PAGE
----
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A Washington State school board has filled a vacancy with a woke activist who last year was filmed outside the state capitol labelling police ‘pigs’ and said ‘f**k the police.’

During the video Talauna Reed, 46, also told a crowd of people gathered for the demonstration to ‘tear everything up in this f**king city,’ referring to the state’s capital city of Olympia. 

Reed will be filling a position on the Olympia School Board that was made vacant in August and was sworn into her new position last Thursday.

Her engagement in local activism was prompted when in 2018 her aunt Yvonne McDonald was found dead on an Olympia street. Reed has alleged that McDonald was murdered and the city covered up the crime.

No arrests have been made in the case. Police said she died of blunt force trauma to her abdomen, with complications related to alcohol.   

She ran for the city council last year but was unsuccessful, securing around 40 percent of the vote.

The school board said in a press release that it interviewed six candidates for the position, but ultimately awarded it to Reed.

During a demonstration outside the state capitol Talauna Reed, 46, told the crowd to 'tear everything up in this 'f**king city,' referring to Olympia, Washington, where she has been appointed to a school board

During a demonstration outside the state capitol Talauna Reed, 46, told the crowd to 'tear everything up in this 'f**king city,' referring to Olympia, Washington, where she has been appointed to a school board

During a demonstration outside the state capitol Talauna Reed, 46, told the crowd to ‘tear everything up in this ‘f**king city,’ referring to Olympia, Washington, where she has been appointed to a school board

Reed was sworn onto the board last Thursday and will remain in the position until December 2023

Reed was sworn onto the board last Thursday and will remain in the position until December 2023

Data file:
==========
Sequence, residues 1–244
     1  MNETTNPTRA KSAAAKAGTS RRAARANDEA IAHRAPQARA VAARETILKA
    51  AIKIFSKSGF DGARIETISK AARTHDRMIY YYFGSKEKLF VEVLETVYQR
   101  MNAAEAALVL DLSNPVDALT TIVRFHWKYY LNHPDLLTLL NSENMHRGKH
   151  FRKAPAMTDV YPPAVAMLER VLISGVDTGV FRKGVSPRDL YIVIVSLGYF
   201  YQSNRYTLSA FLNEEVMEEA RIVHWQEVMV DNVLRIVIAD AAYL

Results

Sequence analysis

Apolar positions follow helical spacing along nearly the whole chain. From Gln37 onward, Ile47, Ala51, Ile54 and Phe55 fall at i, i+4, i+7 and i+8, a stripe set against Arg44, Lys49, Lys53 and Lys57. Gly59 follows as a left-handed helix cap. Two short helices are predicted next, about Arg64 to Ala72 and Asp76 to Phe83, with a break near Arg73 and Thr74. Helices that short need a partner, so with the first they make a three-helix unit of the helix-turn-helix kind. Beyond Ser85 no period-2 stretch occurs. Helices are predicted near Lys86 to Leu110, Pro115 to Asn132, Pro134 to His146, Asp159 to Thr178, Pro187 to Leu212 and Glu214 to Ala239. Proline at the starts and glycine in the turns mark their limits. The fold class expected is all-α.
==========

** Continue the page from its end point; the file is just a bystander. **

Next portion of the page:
Reed was sworn onto the board last Thursday and will remain in the position until December 2023

During the controversial clip that has caused Reed to be labeled ‘anti-police’, she is seen standing under a canopy and addressing a crowd.

‘It amazes me how those pigs can sit over there to watch us peacefully talk about what we want to change in this state,’ she said.

Reed became involved in activism in 2018 after the mysterious death of her aunt Yvonne McDonald. In the controversial video Reed asks the crowd to chant her name

Reed became involved in activism in 2018 after the mysterious death of her aunt Yvonne McDonald. In the controversial video Reed asks the crowd to chant her name

Reed became involved in activism in 2018 after the mysterious death of her aunt Yvonne McDonald. In the controversial video Reed asks the crowd to chant her name

‘It amazes me. And they don’t pay attention until we tear s**t up. So, before I get started, tear everything up in this f**king city until they do what we want them to do.’ 

Earlier in the short clip Reed asks the crowd to say aloud the name of two women. First was Breonna Taylor, a black medical worker who was shot and killed by police officers in Kentucky in 2020, causing protests throughout the US.

The second woman was Yvonne McDonald – a black woman and Reed’s aunt who was mysteriously found dead in 2018 by a street sweeper in west Olympia.

Activists have argued that the city’s investigation of the 58-year-old McDonald was insufficient and improper, alleging that they are either ‘incompetent or they are covering something up,’ the group Justice for Yvonne McDonald said in a press release.

Reed has personally said she believes that the police ‘know something’ and they were ‘protecting their employee’. She has alleged that the death of her aunt was a murder and called for the street sweeper, Henry Morales, who found her aunt dead to resign. 

In a separate video Reed can be heard chanting: ‘Fire Henry Morales’.

Reed was one of six candidates interviewed for the position by the school board. She also gave a presentation focused on an equity policy the school district is currently working on

Reed was one of six candidates interviewed for the position by the school board. She also gave a presentation focused on an equity policy the school district is currently working on

Reed was one of six candidates interviewed for the position by the school board. She also gave a presentation focused on an equity policy the school district is currently working on

Reed was described as ‘an outspoken community organizer’ by local news outlet KOMO News. According to a recent press release from the school board Reed has worked as an Advocacy Navigator at Interfaith Works, a group that helps homeless people.

‘Reed facilitates training in Cultural Diversity, de-escalation, restorative justice models, anti-racism and trauma-informed care across multiple organizations and in collaboration with other Thurston County providers,’ the statement says. 

‘There’s a lot of classism in the school district and there’s a lot of exclusion,’ Reed said during a presentation to the board. Hers focused on an equity policy the school district is currently working on.

‘I know students feel shut down and isolated,’ she said. ‘There’s probably a lack of teachers from different ethnicities in the state of Washington but I know they’re round – they’re somewhere.’

She will serve a one-year term until December 2023. 

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